Lacey A. Pyle, William C. Hockaday, Thomas Boutton, Kyriacos Zygourakis, Timothy J. Kinney, and Caroline A. Masiello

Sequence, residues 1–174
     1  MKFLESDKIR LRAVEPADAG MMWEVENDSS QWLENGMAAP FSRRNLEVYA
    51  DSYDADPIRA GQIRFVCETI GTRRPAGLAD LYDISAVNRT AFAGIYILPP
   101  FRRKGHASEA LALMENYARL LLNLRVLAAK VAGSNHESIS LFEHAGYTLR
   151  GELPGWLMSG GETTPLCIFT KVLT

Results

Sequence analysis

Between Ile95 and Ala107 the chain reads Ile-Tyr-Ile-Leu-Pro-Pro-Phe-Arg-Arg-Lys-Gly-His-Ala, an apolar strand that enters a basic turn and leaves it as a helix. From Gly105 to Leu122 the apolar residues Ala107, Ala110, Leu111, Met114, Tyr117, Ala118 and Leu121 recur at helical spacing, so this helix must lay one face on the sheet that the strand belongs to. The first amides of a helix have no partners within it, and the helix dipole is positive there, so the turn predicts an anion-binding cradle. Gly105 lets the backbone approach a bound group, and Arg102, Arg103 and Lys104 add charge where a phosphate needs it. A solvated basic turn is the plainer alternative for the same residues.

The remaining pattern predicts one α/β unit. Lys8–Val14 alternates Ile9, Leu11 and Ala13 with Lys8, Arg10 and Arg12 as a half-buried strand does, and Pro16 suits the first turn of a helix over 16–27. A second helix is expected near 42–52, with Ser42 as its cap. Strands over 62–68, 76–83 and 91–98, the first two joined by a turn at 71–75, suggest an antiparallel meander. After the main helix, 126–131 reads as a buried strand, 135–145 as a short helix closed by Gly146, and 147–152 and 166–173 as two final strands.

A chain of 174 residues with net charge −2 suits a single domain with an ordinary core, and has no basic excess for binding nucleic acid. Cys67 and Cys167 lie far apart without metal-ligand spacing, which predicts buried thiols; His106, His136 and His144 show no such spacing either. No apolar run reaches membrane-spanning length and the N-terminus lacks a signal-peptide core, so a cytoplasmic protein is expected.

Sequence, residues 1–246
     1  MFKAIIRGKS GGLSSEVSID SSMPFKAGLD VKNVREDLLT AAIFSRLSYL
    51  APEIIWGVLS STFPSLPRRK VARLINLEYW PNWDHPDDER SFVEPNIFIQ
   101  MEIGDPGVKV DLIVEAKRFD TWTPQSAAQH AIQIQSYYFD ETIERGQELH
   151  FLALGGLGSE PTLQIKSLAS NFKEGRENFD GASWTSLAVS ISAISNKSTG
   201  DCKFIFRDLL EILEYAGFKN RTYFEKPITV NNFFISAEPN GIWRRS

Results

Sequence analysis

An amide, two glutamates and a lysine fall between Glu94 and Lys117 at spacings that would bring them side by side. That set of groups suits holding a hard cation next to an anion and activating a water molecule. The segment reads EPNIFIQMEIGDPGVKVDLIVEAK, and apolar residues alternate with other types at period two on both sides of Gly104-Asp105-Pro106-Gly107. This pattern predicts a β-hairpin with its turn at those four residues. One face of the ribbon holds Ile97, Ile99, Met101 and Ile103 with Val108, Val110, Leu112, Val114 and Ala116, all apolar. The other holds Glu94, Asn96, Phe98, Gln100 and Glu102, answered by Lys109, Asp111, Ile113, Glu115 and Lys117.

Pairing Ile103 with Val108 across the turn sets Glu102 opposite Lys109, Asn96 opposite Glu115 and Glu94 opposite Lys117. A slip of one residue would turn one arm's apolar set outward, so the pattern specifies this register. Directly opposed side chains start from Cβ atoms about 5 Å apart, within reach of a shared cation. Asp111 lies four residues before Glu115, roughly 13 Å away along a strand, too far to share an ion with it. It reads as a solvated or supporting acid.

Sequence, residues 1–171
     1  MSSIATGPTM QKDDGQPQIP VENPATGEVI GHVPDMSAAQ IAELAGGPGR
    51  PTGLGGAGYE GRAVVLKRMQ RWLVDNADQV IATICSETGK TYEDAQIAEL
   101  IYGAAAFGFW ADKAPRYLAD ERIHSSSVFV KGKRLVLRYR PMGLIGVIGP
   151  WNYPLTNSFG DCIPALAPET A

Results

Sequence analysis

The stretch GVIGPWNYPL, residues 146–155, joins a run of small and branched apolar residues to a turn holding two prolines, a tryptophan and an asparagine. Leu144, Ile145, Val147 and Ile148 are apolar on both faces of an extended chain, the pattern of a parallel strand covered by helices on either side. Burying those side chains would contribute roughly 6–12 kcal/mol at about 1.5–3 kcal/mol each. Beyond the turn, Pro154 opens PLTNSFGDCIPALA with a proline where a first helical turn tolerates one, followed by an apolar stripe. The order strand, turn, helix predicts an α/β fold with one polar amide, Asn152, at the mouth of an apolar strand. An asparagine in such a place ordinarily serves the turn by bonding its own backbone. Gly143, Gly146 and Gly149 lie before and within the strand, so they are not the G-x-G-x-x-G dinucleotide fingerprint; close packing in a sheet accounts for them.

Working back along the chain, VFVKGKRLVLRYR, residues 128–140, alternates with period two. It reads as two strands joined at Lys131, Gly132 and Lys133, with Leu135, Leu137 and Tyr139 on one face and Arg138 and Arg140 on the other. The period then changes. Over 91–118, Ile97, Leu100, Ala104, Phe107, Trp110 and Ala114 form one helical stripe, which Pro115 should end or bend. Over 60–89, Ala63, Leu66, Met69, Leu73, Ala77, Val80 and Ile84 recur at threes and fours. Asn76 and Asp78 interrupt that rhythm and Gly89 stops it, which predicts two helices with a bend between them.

Charcoal plays a significant role in the long-term carbon cycle, and its use as a soil amendment is promoted as a C sequestration strategy (biochar). One challenge in this research area is understanding the heterogeneity of charcoal properties. Although the maximum reaction temperature is often used as a gauge of pyrolysis conditions, pyrolysis duration also changes charcoal physicochemical qualities. Here, we introduce a formal definition of charring intensity (CI) to more accurately characterize pyrolysis, and we document variation in charcoal chemical properties with variation in CI. We find two types of responses to CI: either linear or threshold relationships. Mass yield decreases linearly with CI, while a threshold exists across which % C, % N, and δ15N exhibit large changes. This CI threshold co-occurs with an increase in charcoal aromaticity. C isotopes do not change from original biomass values, supporting the use of charcoal δ13C signatures to infer paleoecological conditions. Fractionation of N isotopes indicates that fire may be enriching soils in 15N through pyrolytic N isotope fractionation. This influx of “black N” could have a significant impact on soil N isotopes, which we show theoretically using a simple mass-balance model.